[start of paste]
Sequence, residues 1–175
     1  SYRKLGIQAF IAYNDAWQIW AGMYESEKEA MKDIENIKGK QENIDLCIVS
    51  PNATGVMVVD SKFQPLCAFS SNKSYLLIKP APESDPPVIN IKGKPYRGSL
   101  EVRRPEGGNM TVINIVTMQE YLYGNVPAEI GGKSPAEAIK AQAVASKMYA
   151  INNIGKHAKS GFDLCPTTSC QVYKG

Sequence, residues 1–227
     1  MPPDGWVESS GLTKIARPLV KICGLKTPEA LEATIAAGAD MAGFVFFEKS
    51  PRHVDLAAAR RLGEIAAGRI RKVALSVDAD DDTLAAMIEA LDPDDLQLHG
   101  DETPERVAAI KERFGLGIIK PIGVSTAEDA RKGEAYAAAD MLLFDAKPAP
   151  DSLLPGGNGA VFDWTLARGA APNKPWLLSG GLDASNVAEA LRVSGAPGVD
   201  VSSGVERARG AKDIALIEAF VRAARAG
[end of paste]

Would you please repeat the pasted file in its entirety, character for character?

Sequence, residues 1–175
     1  SYRKLGIQAF IAYNDAWQIW AGMYESEKEA MKDIENIKGK QENIDLCIVS
    51  PNATGVMVVD SKFQPLCAFS SNKSYLLIKP APESDPPVIN IKGKPYRGSL
   101  EVRRPEGGNM TVINIVTMQE YLYGNVPAEI GGKSPAEAIK AQAVASKMYA
   151  INNIGKHAKS GFDLCPTTSC QVYKG

Sequence, residues 1–227
     1  MPPDGWVESS GLTKIARPLV KICGLKTPEA LEATIAAGAD MAGFVFFEKS
    51  PRHVDLAAAR RLGEIAAGRI RKVALSVDAD DDTLAAMIEA LDPDDLQLHG
   101  DETPERVAAI KERFGLGIIK PIGVSTAEDA RKGEAYAAAD MLLFDAKPAP
   151  DSLLPGGNGA VFDWTLARGA APNKPWLLSG GLDASNVAEA LRVSGAPGVD
   201  VSSGVERARG AKDIALIEAF VRAARAG